I Am an Impure Thinker
|I Am an Impure Thinker|
Cover of I Am an Impure Thinker
I Am an Impure Thinker is a book by Eugen Rosenstock-Huessy (1888-1973), German social philosopher and is an English-language introduction to Rosenstock-Huessy’s German-language book, Soziologie. It is a collection of essays, which represents an accessible introduction to Rosenstock-Huessy’s thought. The "impure thinker" title reflects the author’s escape from the bounds set by academic tradition, his belief that thought must be accompanied by passionate convictions and engagement, and that sterile intellect is a disease. While apparently unrelated, the essays nevertheless have an underlying unity, which runs through his discussion of the concepts of William James, the Gospels, the Egyptian symbol of Ka, and other uncommon sources. Together the essays contribute to the discovery of a post-theological language. They answer Dietrich Bonhoeffer’s question: “How can we speak of God to modern man who ‘has come of age?’” It has been recognized as a summary of Rosenstock-Huessy's insights into Western culture by such thinkers as, W. H. Auden, Dietrich Bonhoeffer, Martin E. Marty, and Harold J. Berman.
Rosenstock-Huessy's collection of essays summarize themes and major methodological concerns from his work and provide autobiographical material. In the opening chapter, Farewell to Descartes, he writes:
|“||I am an impure thinker. I am hurt, swayed, shaken, elated, disillusioned, shocked, comforted, and I have to transmit my mental experiences lest I die. And although I may die. To write a book is no luxury. It is a means of survival.||”|
The emphasis upon his impurity is, in large part, one further missive directed at the claims of philosophers who wish, through reason, to achieve truth in its purity. We are, for Rosenstock-Huessy, always caught up in the stresses and strains and impurities of the world and we have a much better chance of improving our condition if we accept this reality and get on with it.
|“||Whatever he may have to say about God, Man, the World, Time, etc, Rosenstock-Huessy always starts from his own experience as a human being, who must pass through successive stages between birth and death, learning something essential from each of them||”|
That summarizes of Rosenstock-Huessy's procedure, which combines the personal and the socio-historical.
Assessment of Speech and Reality
|“||Rosenstock-Huessy has uncovered many truths hidden from his predecessors.... Whatever he may have to say about God, Man, the World, Time, etc., Rosenstock-Huessy always starts out from his own experience as a human being, who must pass through successive stages between birth and death, learning something essential from each one of them.||”|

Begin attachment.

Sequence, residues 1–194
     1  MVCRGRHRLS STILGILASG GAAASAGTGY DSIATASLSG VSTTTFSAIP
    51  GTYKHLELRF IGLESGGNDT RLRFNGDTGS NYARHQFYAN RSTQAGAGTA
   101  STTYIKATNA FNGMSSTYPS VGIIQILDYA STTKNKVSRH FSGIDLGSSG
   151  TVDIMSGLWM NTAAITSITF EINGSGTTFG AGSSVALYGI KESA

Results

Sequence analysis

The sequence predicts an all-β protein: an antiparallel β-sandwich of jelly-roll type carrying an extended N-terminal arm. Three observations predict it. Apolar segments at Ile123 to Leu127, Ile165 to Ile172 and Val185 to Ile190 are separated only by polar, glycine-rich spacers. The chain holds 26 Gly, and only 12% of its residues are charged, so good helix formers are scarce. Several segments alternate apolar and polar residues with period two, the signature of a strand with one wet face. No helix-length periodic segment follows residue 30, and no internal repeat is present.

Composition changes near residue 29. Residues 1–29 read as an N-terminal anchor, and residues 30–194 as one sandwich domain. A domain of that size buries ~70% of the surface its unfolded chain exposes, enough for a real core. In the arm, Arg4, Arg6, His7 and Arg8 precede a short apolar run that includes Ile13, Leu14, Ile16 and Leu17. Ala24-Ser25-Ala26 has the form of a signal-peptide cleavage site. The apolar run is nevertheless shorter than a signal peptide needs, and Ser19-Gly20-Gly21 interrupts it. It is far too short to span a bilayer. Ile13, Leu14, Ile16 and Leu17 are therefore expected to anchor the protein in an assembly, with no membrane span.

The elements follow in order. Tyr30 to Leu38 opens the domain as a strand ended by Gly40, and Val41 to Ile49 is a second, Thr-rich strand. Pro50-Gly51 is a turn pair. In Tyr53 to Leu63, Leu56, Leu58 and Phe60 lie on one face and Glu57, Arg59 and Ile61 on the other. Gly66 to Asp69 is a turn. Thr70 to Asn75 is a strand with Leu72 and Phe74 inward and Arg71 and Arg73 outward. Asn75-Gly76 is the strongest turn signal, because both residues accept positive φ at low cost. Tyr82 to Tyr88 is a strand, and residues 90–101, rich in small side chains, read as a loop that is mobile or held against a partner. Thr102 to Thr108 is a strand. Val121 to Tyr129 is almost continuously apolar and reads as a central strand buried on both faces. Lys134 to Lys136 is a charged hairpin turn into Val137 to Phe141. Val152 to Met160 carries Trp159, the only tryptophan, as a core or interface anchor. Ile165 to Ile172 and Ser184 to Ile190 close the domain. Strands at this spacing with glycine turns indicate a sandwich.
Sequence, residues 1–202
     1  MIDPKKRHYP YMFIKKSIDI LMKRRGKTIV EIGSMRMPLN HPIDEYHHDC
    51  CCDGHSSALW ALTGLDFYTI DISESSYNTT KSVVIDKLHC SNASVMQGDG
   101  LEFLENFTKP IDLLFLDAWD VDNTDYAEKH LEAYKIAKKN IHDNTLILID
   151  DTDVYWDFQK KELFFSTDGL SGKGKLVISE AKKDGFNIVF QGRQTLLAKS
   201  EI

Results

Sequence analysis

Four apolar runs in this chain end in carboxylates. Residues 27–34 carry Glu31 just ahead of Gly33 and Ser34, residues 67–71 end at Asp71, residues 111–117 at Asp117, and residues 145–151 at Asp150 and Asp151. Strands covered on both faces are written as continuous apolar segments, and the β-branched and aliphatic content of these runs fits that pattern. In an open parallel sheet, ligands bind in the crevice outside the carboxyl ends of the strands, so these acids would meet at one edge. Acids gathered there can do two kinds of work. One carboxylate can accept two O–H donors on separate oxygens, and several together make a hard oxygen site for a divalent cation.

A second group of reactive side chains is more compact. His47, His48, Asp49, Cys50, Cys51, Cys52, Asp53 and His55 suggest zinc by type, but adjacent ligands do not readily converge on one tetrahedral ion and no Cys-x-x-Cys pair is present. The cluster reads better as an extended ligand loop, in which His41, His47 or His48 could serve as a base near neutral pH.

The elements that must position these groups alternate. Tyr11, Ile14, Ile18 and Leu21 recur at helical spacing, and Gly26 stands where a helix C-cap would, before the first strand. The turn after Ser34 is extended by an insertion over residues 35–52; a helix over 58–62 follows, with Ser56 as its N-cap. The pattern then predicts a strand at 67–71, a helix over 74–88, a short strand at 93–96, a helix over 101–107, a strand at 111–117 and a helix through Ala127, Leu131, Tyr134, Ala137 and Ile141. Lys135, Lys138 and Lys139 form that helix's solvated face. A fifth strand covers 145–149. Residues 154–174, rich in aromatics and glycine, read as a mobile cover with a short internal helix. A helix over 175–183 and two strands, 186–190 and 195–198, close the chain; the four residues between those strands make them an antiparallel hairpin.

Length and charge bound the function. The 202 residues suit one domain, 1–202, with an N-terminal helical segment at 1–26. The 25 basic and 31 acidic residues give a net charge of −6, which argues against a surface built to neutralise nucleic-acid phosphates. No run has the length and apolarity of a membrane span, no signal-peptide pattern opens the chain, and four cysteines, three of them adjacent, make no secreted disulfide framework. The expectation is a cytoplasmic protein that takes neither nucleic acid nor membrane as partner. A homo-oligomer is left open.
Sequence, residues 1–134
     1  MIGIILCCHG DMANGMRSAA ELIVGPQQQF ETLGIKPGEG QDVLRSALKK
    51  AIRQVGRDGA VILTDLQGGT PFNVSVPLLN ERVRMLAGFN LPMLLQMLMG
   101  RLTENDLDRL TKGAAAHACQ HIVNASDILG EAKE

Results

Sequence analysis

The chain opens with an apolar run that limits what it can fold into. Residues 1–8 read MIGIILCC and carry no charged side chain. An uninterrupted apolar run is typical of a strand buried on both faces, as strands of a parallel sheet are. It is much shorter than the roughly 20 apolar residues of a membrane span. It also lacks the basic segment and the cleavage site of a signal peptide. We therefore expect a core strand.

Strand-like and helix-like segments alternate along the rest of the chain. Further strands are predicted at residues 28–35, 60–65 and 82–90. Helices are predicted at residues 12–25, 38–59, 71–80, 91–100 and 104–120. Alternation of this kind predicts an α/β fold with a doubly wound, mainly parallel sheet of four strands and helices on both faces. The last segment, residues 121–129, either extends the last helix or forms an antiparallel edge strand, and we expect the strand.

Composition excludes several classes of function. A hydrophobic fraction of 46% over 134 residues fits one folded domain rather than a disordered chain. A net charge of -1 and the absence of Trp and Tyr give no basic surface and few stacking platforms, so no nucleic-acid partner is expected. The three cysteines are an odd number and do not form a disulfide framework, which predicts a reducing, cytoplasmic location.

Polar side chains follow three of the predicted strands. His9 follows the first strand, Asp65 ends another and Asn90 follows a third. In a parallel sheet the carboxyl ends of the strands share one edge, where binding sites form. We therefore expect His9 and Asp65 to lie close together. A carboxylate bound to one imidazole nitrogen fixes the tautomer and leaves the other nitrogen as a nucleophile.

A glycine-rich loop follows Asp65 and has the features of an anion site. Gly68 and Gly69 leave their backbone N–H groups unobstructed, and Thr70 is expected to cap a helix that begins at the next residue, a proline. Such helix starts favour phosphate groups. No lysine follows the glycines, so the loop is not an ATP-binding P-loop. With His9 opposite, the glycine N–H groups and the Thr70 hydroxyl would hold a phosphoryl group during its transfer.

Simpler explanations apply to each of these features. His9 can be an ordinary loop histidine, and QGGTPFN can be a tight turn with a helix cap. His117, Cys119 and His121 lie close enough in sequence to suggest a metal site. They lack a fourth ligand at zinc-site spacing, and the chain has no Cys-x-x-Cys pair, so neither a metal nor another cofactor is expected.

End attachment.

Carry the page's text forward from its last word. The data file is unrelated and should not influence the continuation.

Eberhardt Bethge wrote of the author:
|“||Rosenstock-Huessy refuses to do anything in the usual way. But you may well turn yourself over to him. Behind everything stands the committed responsibility of a great teacher who opens our eyes.||”|
|“||Let me lead into them by comparing a person's life to what a favorite philosopher of mine, Eugen Rosenstock-Huessy, once wrote about a volume. "One book is about one thing; at least the good ones are." The most rich and varied lives I contend, are also "about" one thing. Not Rosenstock-Huessy's at first glance: "I am an impure thinker, I am hurt, swayed, shaken, elated, disillusioned, shocked, comforted, and I have to transmit my mental experiences lest I die. And although I may die." An impure thinker he was, but never an undirected one. His life was finally about his motto, respondeo etsi mutabor, "I respond although I shall be changed." Responding did not mean being an antenna constantly turning for a signal. His life was not like a sponge or blotter that only soaks up substance from others, a mirror to bounce back images. A forceful ego was there, as assuredly as in José Ortega y Gasset's self-summary, "I am I and my circumstances." This points to a perfect tension between the freedom of self and the fate of environment.||”|
In his book, Law and Revolution: The Formation of the Western Legal Tradition, Harold J. Berman cites I am an Impure Thinker as contributing to the insights on the discussion of law and revolution.
- Rosenstock-Huessy, Eugen (1970), I Am an Impure Thinker, Norwich, Vermont: Argo Books, ISBN 0-912148-56-X
- Marty, Martin E (1981), By Way of Response, Nashville, Tennessee: Abingdon
- Berman, Harold J. (1983), Law and Revolution: The Formation of the Western Legal Tradition, Cambridge, Massachusetts: Harvard University Press
- The official web site of the Eugen Rosenstock-Huessy Fund and Argo Books includes a biography, accessed 20 March 2007
- The Norwich Center, Norwich, Vermont, maintains an internet site devoted to an introductory biography and appreciation of Eugen Rosenstock-Huessy, signed by Clinton C. Gardner, President of the Norwich Center, accessed 20 March 2007
- Eugen Rosenstock-Huessy Gesellschaft